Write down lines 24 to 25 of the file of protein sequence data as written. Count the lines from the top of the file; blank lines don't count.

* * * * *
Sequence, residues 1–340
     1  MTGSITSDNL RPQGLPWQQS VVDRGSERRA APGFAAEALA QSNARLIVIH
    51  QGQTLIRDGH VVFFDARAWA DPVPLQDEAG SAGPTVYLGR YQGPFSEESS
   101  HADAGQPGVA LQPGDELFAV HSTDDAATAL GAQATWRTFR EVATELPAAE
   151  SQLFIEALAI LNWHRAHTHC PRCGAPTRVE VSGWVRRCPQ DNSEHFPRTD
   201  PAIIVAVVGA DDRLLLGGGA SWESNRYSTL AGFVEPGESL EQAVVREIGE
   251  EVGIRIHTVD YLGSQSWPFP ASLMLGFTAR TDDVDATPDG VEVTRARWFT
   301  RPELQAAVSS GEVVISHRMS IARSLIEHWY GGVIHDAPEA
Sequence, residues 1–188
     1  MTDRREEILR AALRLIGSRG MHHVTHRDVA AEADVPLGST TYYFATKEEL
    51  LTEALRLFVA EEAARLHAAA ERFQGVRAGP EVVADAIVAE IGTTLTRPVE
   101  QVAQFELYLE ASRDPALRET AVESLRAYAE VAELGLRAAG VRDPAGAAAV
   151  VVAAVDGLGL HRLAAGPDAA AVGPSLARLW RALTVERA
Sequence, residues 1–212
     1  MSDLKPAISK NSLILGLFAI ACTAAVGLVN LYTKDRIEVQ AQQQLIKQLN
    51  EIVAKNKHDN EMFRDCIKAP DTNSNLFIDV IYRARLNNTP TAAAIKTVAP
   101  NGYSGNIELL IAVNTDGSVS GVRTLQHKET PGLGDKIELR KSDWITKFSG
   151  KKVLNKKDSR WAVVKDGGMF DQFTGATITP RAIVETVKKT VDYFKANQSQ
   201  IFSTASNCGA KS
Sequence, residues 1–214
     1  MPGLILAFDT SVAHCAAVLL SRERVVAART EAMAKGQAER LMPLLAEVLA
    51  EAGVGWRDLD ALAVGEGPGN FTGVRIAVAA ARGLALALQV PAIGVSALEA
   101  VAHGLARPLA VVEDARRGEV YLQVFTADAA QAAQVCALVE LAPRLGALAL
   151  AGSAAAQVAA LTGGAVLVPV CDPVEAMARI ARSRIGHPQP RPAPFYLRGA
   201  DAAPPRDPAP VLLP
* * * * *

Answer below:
   151  AGSAAAQVAA LTGGAVLVPV CDPVEAMARI ARSRIGHPQP RPAPFYLRGA
   201  DAAPPRDPAP VLLP